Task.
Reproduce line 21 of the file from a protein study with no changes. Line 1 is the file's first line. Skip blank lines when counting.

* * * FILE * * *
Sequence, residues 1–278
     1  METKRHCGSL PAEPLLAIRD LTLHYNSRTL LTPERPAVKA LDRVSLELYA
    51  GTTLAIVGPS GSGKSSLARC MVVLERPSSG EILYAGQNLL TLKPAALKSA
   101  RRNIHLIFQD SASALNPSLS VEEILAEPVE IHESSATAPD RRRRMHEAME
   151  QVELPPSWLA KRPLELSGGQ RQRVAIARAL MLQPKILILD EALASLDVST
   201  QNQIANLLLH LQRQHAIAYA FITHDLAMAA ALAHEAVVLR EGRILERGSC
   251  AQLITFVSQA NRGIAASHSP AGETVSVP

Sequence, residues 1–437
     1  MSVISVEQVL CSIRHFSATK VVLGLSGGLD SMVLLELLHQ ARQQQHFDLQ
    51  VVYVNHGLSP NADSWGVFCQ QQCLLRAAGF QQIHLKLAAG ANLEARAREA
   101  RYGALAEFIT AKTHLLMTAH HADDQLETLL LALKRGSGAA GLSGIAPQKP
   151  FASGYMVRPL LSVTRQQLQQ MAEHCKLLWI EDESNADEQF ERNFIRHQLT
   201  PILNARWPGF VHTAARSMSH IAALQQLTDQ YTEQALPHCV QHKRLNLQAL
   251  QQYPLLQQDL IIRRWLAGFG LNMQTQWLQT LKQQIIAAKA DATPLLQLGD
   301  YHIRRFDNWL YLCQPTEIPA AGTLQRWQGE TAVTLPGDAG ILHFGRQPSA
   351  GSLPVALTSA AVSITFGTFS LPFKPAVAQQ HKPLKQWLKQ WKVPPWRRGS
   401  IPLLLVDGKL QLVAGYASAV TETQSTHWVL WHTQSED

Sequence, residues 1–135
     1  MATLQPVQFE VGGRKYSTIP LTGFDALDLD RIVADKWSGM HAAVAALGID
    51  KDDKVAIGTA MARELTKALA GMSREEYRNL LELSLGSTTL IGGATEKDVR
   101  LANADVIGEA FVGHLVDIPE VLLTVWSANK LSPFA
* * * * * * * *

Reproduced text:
   101  LANADVIGEA FVGHLVDIPE VLLTVWSANK LSPFA